When big government doesn’t let us help ourselves

As a conservative who believes in the power of individuals and private charities to transform lives, I’ve been told the same lie again and again: “That’s all good, but only government is big enough to take care of us all.”

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But what if that’s not true?  What if government has simply barged in, taken from us our ability to help ourselves and crowded all competitors?

The so-called government “shutdown” (really a “slim down” as 83% of the government is still functioning) has been instructive. Again and again, the federal government has not only closed its doors but it has actively prevented citizens and states from stepping in to fill the void.

Take the war memorials, for example. Instead of barricading these areas, the federal government could’ve called any number of private veterans’ groups and asked for their help. No doubt eager volunteers from the Veterans of Foreign Wars or the American Legion would’ve shown people around the memorials, kept the bathrooms stocked and cleaned and given tours. Does anyone doubt they would’ve done a better job manning the Iwo Jima, Vietnam or World War II memorials than government employees we now know are entirely willing to punish the public to protect their prerogatives?

In fact, the Republican National Committee even stepped in and offered to pay for the cost of opening and maintaining the war memorials. The government’s response?  No dice.

What about the granddaddy of national parks? The mighty Grand Canyon? The state of Arizona offered to pay to keep the park open. Plus, small Arizona towns are collecting money:

Tusayan, on the southern rim of the Grand Canyon, has 558 residents and 1,000 hotel rooms. And by Saturday, it had $350,000 to reopen temporarily closed Grand Canyon National Park.

“The reason we exist is the Grand Canyon National Park. This closure is devastating,” said Greg Bryan, Tusayan’s mayor and general manager of a Best Western hotel.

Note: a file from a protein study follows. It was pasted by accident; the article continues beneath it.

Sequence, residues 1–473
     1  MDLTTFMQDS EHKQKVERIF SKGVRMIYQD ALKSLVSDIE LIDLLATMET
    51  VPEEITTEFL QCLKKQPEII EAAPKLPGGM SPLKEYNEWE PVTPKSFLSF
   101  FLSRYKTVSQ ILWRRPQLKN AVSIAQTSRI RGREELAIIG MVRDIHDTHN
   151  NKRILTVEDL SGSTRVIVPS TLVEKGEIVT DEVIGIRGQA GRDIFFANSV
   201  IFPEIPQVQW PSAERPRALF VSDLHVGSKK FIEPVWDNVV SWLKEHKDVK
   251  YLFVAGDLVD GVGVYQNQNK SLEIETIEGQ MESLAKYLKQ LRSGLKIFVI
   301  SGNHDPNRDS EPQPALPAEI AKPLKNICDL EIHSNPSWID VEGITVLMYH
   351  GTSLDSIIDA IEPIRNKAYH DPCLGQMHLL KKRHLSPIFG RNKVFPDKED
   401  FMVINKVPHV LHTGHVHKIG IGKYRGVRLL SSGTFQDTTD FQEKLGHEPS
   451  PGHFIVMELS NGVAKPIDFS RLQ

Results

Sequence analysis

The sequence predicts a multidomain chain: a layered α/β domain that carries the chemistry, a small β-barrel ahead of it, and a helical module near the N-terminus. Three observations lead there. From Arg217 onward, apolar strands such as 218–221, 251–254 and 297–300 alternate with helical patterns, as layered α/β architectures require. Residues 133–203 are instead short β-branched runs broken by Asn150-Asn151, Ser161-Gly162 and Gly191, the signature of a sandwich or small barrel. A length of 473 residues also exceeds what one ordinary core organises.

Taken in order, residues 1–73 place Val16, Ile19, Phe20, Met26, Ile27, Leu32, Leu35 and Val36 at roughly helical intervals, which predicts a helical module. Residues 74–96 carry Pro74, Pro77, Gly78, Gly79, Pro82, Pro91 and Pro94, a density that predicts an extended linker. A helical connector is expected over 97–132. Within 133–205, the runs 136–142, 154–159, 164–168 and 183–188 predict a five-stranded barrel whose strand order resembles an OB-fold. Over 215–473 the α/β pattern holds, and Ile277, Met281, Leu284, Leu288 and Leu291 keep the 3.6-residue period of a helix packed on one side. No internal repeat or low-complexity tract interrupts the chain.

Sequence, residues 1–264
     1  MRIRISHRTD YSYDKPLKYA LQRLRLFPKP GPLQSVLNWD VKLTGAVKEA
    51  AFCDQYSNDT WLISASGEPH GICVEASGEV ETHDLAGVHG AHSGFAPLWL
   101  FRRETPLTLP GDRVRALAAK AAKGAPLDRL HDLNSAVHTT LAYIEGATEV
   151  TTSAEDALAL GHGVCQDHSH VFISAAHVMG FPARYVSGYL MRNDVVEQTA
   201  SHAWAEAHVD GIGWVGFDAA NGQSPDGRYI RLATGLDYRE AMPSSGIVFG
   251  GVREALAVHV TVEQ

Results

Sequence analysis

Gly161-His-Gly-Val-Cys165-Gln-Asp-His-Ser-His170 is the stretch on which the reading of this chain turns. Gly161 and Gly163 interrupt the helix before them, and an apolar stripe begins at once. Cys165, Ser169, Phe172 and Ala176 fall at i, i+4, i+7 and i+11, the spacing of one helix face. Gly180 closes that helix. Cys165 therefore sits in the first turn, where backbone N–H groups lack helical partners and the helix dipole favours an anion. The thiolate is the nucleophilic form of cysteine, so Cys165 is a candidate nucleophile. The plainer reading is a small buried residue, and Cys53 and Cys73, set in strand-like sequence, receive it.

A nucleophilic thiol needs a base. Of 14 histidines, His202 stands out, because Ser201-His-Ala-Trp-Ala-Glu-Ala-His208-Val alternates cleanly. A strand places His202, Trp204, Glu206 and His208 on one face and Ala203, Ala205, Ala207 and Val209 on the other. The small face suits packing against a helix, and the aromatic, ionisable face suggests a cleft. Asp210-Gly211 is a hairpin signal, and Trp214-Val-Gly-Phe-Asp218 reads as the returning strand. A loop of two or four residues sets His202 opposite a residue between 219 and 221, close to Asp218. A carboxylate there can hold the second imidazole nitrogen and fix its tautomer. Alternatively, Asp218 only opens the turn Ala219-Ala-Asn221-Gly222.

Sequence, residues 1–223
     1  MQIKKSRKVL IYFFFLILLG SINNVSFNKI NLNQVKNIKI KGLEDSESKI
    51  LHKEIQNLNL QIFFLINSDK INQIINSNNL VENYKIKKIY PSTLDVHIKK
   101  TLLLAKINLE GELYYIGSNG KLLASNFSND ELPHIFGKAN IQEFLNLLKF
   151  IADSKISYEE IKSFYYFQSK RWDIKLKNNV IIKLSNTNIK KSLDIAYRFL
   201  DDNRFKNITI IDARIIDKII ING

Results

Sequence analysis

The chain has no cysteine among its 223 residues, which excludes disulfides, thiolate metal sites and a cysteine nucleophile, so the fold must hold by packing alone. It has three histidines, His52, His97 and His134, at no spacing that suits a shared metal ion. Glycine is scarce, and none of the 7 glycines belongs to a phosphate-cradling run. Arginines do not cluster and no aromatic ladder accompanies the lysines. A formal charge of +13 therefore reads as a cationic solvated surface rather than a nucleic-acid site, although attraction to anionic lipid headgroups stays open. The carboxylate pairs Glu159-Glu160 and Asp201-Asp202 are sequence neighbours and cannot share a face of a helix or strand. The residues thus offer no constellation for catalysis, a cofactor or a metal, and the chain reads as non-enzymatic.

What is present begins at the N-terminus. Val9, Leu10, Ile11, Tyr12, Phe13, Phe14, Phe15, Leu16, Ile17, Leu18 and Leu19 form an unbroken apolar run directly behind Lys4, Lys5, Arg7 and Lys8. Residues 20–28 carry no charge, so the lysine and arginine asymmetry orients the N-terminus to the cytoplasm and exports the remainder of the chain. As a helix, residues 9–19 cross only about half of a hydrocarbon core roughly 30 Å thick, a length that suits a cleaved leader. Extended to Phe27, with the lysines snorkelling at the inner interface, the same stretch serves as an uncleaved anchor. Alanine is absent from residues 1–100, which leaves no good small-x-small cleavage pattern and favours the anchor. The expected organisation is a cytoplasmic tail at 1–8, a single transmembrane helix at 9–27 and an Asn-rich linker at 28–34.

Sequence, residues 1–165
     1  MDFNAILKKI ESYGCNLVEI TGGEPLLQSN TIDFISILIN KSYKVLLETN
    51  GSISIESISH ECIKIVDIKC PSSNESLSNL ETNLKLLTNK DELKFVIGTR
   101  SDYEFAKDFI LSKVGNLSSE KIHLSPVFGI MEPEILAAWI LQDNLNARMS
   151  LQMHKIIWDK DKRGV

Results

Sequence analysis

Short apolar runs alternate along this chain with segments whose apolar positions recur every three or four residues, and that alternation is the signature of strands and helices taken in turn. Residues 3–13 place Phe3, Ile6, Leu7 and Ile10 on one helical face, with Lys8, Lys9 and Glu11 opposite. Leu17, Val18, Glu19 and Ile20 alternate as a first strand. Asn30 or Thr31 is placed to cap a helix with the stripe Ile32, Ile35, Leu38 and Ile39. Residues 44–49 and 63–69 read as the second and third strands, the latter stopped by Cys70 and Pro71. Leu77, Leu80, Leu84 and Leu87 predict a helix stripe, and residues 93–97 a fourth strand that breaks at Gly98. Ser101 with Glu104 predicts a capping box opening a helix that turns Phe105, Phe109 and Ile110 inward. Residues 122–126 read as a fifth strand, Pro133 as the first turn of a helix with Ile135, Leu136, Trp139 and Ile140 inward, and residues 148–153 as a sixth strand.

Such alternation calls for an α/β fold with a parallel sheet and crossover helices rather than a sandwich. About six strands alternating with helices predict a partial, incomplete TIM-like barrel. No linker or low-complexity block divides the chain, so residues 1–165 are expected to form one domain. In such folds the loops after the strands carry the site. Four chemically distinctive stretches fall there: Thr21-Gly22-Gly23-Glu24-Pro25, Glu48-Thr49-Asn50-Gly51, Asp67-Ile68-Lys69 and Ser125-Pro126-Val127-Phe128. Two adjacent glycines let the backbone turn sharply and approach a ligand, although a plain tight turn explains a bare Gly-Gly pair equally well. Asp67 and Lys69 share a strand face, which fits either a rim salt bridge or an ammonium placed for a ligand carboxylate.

The government slim down also affected Catholic soldiers in the military who don’t have enough chaplains to minister to them. The general counsel for the Archdiocese for the Military Services USA, John Schlageter, explains:

There is a chronic shortage of active duty Catholic chaplains. While roughly 25% of the military is Catholic, Catholic priests make up only about 8% of the chaplain corps. That means approximately 275,000 men and women in uniform, and their families, are served by only 234 active-duty priests. The temporary solution to this shortage is to provide GS and contract priests.

Under the government slim down, these contracted chaplains are not allowed to work. Even though some have volunteered to minister for free, the government has told them they risk being arrested if they attempt to do so.

In each of the above circumstances, the federal government is not only unwilling to perform its basic functions, it is prohibiting citizens from stepping up. This is government at its worst — literally requiring us to need their services.

How many more functions has the federal government taken from citizens who can do the job better, more efficiently and with greater care? We spend one trillion dollars in means-tested welfare in this country yet the poverty rate remains stubbornly high and our cities and towns struggle with an underclass that is mired in criminality and misery.

That’s the best the government can do?

Before the welfare state, the hallmark of American life was social mobility. People may start out poor but they had a chance to progress, to succeed. Now? They start poor and stay poor thanks, in many ways, to the welfare state we allegedly can’t live without.

In ways large and small, the government does more than just tell us we can’t live without it — it uses its power to make and enforce laws to ensure we must live with it — whether we like it, need it or even want it.

Nancy A. French is a New York Times best-selling author who lives in Tennessee. Follow her on Twitter @NancyAFrench 

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